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Clever Worm Lures Victims with Chat-Slang

Short-hand slang such as "yt?" -- for "You there?" -- is one reason software may be able to simulate a chat session.
NPR
Short-hand slang such as "yt?" -- for "You there?" -- is one reason software may be able to simulate a chat session.

How do you know when you're instant-messaging with a computer worm instead of one of your "buddies?" Security experts say it's getting harder to tell the difference.

A malicious new computer worm initiates a chat with its victims through instant messaging and invites them to click on a link -- which allows it to spread to their IM buddies.

The worm, called IM.Myspace04.AIM, has been able to fool thousands of AOL users. Experts say that's because it copies human styles of communication, using shorthand phrases and slang. They say IM viruses spread faster than their e-mail counterparts.

To avoid the worm, Alan Paller, research director at the SANS Institute, which studies Internet security threats, says to double-check any messages with a link even if you think you know the sender.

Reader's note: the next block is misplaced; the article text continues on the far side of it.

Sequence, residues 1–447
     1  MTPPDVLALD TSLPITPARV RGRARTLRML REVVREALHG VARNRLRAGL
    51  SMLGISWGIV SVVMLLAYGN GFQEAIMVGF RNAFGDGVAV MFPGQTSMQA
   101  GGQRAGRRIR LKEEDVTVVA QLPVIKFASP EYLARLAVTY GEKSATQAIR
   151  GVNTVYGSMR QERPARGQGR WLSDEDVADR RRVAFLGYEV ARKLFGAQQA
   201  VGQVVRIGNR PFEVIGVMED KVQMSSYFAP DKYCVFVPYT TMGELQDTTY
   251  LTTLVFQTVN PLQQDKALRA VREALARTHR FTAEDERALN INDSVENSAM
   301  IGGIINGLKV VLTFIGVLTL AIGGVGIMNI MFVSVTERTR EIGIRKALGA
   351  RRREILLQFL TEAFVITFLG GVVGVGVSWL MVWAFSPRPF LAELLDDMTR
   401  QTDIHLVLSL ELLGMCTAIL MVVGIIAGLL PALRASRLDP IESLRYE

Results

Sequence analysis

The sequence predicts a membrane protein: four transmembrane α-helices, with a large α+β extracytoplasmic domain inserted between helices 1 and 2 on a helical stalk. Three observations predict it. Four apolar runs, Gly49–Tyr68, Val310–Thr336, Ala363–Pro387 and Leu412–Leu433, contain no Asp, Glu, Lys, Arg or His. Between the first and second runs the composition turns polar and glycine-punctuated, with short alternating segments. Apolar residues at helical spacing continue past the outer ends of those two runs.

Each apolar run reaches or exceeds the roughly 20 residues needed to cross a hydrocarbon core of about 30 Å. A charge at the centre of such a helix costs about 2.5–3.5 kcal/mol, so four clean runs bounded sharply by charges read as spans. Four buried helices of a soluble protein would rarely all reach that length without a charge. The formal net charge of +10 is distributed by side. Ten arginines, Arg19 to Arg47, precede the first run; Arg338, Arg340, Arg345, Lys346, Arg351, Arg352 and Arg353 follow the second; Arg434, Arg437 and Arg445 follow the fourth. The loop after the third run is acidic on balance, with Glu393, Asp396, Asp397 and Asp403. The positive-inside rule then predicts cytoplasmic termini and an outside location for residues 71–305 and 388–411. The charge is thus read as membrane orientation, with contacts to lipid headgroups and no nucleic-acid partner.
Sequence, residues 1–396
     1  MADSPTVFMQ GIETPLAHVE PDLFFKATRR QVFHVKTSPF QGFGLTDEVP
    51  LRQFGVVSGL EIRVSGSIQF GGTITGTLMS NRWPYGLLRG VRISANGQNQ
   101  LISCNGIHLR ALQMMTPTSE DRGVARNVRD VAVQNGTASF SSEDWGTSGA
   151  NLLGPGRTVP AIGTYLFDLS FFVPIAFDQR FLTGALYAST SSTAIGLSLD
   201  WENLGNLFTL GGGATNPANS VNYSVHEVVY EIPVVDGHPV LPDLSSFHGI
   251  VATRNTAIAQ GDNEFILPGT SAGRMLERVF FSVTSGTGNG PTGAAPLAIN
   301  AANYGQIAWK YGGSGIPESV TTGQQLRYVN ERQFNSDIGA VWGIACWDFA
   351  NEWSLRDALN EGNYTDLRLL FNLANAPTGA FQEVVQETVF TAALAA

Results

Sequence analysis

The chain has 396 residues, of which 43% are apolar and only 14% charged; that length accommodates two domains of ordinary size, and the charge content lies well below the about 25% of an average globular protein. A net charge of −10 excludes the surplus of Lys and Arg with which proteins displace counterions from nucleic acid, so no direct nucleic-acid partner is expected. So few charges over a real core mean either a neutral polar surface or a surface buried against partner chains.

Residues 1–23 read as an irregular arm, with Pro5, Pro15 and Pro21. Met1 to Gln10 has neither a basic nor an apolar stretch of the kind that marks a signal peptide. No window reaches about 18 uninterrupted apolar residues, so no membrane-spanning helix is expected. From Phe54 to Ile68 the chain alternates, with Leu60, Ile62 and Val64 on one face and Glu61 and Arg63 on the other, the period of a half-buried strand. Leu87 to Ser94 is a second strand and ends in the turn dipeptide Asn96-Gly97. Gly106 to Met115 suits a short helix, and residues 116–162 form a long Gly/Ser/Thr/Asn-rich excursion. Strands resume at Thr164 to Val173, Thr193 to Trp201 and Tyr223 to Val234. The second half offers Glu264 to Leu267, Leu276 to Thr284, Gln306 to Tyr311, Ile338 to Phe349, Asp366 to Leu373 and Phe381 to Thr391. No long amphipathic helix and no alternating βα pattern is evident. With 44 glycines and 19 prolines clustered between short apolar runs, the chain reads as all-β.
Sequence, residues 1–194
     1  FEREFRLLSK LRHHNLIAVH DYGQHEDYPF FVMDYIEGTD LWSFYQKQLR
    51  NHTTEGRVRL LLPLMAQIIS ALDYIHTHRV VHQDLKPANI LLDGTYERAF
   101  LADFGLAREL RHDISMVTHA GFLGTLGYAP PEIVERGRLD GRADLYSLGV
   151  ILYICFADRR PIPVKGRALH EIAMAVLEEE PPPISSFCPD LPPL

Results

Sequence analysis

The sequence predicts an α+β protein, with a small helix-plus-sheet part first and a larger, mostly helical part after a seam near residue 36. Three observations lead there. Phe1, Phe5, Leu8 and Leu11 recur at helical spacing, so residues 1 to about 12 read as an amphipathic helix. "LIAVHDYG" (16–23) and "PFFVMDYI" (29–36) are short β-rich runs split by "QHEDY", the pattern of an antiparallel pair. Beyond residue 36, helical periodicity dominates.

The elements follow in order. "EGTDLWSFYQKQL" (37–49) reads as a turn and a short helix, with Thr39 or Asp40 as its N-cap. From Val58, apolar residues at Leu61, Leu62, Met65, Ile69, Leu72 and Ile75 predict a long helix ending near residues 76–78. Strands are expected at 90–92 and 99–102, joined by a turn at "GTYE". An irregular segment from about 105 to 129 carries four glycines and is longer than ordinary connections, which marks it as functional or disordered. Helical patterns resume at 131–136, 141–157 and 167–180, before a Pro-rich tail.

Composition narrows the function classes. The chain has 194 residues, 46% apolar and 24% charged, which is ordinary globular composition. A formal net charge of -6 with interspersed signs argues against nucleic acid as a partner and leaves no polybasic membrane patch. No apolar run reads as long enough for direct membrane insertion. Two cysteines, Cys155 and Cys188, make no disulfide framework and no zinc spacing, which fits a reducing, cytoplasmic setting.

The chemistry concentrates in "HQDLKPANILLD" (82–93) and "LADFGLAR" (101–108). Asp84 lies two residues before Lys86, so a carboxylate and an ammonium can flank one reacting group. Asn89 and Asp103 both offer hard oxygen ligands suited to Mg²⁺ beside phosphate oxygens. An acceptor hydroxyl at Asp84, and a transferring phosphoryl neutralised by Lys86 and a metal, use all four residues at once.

He says one way to be careful is to start a new chat box with the same IM buddy and see if it's really them. One virus expert says to use the same caution on the Internet that you would use to avoid being mugged on a city street: Avoid strangers and make sure you're talking to a friend.

Copyright 2022 NPR. To see more, visit https://www.npr.org.

Laura Sydell fell in love with the intimate storytelling qualities of radio, which combined her passion for theatre and writing with her addiction to news. Over her career she has covered politics, arts, media, religion, and entrepreneurship. Currently Sydell is the Digital Culture Correspondent for NPR's All Things Considered, Morning Edition, Weekend Edition, andNPR.org.